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A practical guide to what Brexit means for people in Northern Ireland

Prof Katy Hayward


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Feeling blue: Home Secretary Priti Patel displays the new blue passport UK citizens will use after Brexit

Feeling blue: Home Secretary Priti Patel displays the new blue passport UK citizens will use after Brexit

Feeling blue: Home Secretary Priti Patel displays the new blue passport UK citizens will use after Brexit

Most of the focus on preparing for Brexit has so far centred upon business, as needs be.

But just as EU membership was about more than the movement of goods, being outside the EU will have consequences for people as well as for trade.

As the transition period ends Brexit will begin to have a real impact.

That impact will be a little different here in Northern Ireland compared to the rest of the UK, and not just because of the Protocol.

For starters, most people born in Northern Ireland have a birthright to claim Irish citizenship.

This means that many of us will still have that means of accessing freedom of movement, i.e. the right to live, work and study in an EU country.

However, the right to work may be somewhat restricted by the fact that UK-earned professional qualifications won't automatically be recognised in all EU countries.

Those on British passports will face additional inconveniences.

First, to even enter an EEA country we'll need six months left on our passports, and, come next year, an ETIAS document.

Any visits to the EEA will be restricted to less than 90 days in any 180-day period.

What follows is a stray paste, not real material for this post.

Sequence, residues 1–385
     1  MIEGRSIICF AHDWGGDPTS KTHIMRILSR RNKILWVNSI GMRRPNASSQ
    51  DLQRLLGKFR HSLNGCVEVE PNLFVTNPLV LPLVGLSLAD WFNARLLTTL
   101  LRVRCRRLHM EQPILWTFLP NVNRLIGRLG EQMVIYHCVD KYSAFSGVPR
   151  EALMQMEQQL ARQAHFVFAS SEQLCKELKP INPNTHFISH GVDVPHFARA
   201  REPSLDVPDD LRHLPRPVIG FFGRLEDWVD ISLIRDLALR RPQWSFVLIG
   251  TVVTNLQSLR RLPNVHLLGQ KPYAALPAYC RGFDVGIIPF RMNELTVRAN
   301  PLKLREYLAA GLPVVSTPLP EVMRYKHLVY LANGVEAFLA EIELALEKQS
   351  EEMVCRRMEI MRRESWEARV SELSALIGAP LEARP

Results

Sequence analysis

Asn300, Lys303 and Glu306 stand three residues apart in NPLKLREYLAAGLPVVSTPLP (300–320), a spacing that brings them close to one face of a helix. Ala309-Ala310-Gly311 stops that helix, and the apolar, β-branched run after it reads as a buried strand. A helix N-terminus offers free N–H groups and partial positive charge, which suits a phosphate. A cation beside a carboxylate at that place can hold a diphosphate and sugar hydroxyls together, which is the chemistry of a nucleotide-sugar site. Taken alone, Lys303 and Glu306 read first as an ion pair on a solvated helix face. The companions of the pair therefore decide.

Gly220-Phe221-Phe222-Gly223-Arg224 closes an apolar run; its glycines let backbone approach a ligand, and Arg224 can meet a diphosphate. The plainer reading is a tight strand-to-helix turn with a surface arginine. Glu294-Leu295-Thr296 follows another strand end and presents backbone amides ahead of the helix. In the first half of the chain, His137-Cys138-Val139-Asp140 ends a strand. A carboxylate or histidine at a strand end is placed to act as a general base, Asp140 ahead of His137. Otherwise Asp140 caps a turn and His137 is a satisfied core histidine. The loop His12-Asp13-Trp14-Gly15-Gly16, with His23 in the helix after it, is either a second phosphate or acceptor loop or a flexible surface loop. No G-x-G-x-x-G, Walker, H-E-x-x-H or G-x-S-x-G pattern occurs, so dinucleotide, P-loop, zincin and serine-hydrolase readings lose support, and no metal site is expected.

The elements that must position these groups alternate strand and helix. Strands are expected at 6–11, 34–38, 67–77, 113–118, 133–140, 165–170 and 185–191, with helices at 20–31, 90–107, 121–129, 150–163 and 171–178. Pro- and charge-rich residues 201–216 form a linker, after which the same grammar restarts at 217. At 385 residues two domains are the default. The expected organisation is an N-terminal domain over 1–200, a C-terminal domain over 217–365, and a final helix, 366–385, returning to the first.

And British-only citizens will lose those freedom of movement rights, just as citizens from EU countries have lost them in the UK. EU26 (i.e. not Irish) citizens wishing to study or work in Northern Ireland after July will need to apply for visas and work permits to do so, and NI businesses will need a sponsorship licence to employ them.

The Common Travel Area (CTA) between Britain and Ireland is nearly 100 years old, but it is not a comprehensive fix.

Although British citizens still have the right to work, live, vote and study in Ireland (and vice versa), much of what we came to take for granted as part of the CTA was actually developed through EU membership.

This means that there are gaps in the CTA (e.g. recognition of qualifications) that the governments may need to work rapidly to fill, and other gaps that will remain because they are EU rather than national competences.

We won't have to move far for Brexit to impact us in some mundane (but pricey) things.

For example, mobile phone companies will again be able to charge roaming fees for texts, calls and data used in the EU (or, as is so often the case, in the vicinity of the Irish border).

For those cross-border journeys, we should also check the terms of our motor insurance to make sure we have the necessary cover for EU travel (i.e. a green card).

And if driving in the wider EU, we'll also need to check whether we need an international driver's permit.

Our EHIC cards for emergency health care are valid until their expiry date, after which they can be replaced by either the UK Global Health Insurance Card or an EHIC card provided through the Irish Government.

That said, when travelling becomes an option once more in happier, post-pandemic times, some heavy-duty insurance might well become the traveller's accessory of choice.

Katy Hayward is Professor of Political Sociology, Queen's University Belfast, and Senior Fellow UK in A Changing Europe think tank

Belfast Telegraph


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